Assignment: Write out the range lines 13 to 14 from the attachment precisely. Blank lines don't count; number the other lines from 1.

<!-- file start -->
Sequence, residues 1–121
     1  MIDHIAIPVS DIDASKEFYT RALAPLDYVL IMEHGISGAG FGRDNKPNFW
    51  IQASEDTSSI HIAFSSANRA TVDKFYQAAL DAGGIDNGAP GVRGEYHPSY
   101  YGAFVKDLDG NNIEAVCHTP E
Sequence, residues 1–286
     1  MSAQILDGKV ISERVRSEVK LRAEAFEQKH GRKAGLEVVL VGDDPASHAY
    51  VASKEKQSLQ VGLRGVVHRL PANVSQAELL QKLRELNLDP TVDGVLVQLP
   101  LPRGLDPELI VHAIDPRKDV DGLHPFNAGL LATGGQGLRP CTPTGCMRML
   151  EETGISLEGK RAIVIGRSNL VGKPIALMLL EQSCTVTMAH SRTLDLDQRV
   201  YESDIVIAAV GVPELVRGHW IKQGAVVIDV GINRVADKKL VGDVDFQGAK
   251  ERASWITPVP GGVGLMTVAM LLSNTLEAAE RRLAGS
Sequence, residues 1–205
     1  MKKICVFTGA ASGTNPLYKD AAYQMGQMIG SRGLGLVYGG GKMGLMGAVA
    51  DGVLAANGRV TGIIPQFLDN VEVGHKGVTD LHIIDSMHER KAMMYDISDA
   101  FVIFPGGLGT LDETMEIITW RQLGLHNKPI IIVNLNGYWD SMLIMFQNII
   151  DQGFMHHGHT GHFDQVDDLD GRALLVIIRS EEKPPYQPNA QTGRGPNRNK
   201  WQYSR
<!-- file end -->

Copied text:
     1  MKKICVFTGA ASGTNPLYKD AAYQMGQMIG SRGLGLVYGG GKMGLMGAVA
    51  DGVLAANGRV TGIIPQFLDN VEVGHKGVTD LHIIDSMHER KAMMYDISDA